Reasons I think this worked in this pair:
  1. I didn't use all of my leftovers, I only grabbed about 8 different self-striping ones that somewhat coordinated. In this case, that meant none of the "manly" ones.
  2. Only 8 rows at a time. And always eight rows (except one time when I was running out and I only did 6, but the same on each sock).
  3. I repeated a couple of yarns throughout - the magenta-orange one and the lone Opal skein I had (the one with the longer repeats).
  4. Definitely do solid heels, toes, and cuffs. It ties it all together.
The only downside:
Look how much leftover sock yarn I still have. These socks used much less yarn than I expected, and only rid me entirely of one whole color.

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Thursday, October 04, 2007

Scrappy Socks, and Other

The artist is a receptacle for the emotions that come from all over the place:
from the sky, from the earth, from a scrap of paper,
from a passing shape, from a spider's web.
-Pablo Picasso

You want it, you got it. Here's an in-progress photo of the scrappy socks:
Awesome, eh?

And since it's not all socks all the time around here, I did get around to sewing those buttons on that baby cardigan. October UFO done early!

Chenille Baby Cardigan
Pattern: Chenille Cardigan from Natural Knits for Babies and Moms
Yarn: Crystal Palace Cotton Chenille - 1 ball of the cream and about 1/2 ball of the maroon
Needles: US 6
Notes: I don't love knitting with chenille, but it looks great. I made a couple of mods, the most obvious is the color change for the borders, which I did because I didn't think I'd have enough of the cream to do the whole thing (I wouldn't have it turns out). I also knit the body in the round to the armholes and picked up stitches for the sleeves and knit down. It was annoying to knit the sleeves with the whole sweater hanging off, and I made my rate of decreasing a little too steep, but it was still probably better than seaming with chenille.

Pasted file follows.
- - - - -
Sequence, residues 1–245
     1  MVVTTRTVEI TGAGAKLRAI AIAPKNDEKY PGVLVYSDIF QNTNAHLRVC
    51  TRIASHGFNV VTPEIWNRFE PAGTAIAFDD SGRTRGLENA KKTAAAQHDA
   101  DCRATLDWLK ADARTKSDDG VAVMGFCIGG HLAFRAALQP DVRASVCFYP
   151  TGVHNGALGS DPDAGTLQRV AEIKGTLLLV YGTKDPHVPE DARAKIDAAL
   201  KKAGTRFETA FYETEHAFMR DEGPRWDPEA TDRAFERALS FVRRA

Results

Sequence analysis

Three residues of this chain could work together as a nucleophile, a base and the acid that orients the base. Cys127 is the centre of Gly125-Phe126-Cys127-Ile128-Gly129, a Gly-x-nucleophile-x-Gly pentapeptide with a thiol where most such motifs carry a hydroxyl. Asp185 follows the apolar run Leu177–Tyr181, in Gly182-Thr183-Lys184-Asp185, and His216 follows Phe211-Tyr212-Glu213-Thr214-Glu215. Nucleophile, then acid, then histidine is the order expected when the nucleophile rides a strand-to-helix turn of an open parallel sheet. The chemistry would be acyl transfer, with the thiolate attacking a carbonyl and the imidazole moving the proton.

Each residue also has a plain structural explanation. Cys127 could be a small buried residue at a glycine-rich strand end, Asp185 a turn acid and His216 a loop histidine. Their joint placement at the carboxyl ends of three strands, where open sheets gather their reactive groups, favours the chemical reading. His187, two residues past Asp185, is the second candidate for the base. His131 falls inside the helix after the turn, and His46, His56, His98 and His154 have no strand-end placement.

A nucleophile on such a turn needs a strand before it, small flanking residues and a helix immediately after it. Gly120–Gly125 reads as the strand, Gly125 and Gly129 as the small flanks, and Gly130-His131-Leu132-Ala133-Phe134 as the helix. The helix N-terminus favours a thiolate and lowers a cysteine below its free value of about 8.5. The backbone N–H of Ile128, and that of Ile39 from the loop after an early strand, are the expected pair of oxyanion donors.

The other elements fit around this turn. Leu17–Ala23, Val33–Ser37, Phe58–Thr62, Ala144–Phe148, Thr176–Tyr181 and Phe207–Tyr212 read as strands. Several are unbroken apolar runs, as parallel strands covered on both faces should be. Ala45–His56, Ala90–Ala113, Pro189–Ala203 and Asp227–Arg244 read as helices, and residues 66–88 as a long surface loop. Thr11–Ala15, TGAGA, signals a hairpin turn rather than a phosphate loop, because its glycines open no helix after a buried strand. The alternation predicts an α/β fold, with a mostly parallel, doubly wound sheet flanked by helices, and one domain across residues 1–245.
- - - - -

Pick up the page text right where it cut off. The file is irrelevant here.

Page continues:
Best Thing About This Project: Done with my October UFO so early!

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Wednesday, October 03, 2007

The Number We've All Been Waiting For

The whole is more than the sum of its parts.

I promise and I don't deliver. At least you guys keep me honest! This Socktober I'm going to catch up with my sock list, my sock number, and a photo of all the socks I happen to have in my sock box this very moment (probably about half of the ones I have - the rest were too dirty for blogland). Here's the photo, inspired by Abigail's Sock Circle:
And, since you're just so gosh darn curious - the number of socks I've knit is 115. (I still have to blog about pair 115, btw, so don't hold your breath.) My pace has really slowed down recently. I'm sure I could have done the 52 Pair Plunge while in med school, but now it's more like 1-2 pairs a month. Still, better than nothing, right?

And since we're talking about socks, let me call your attention to two lists previously posted on this blog:

1. Great Sock Patterns
2. Great Sock Patterns for Manly Men

Just for your Socktoberfest enjoyment!

And coming soon . . . the Scrappy Socks are flying off the needles. It's just far too entertaining to watch!

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Monday, October 01, 2007

Socktoberfest is Here!

October is the fallen leaf, but it is also a wider horizon more clearly seen.
It is the distant hills once more in sight,
and the enduring constellations above them once again.
-Hal Borland

By the way, I finished the scarf. All it needs now is a bath, but it's done.

Jenn has declared that Socktoberfest will be for finishing up single socks. I think I might join her in finishing up socks I've been already been working on. Ever since that husband went off to Pensacola (harumpf), I find that my driving-while-a-passenger time is practically non-existant. And my sock progress has been reduced concomitantly.

Merino Lace Socks from the Interweave Favorite Socks book. These are gorgeous. And the dark yarn (Ball and Skein Blueberry) is surprisingly wonderful for these small scale lace patternsLittle Arrowhead Lace Socks
Scrappy Socks
Aren't these awesome? They're coming out even better than I'd hoped!

I'm also about to start Meida's socks from Interweave's Favorite Socks. I picked up some Regia Silk 6-ply in a big Webs sale that would be just perfect.

It's not as many as Jenn, but then, how could it be?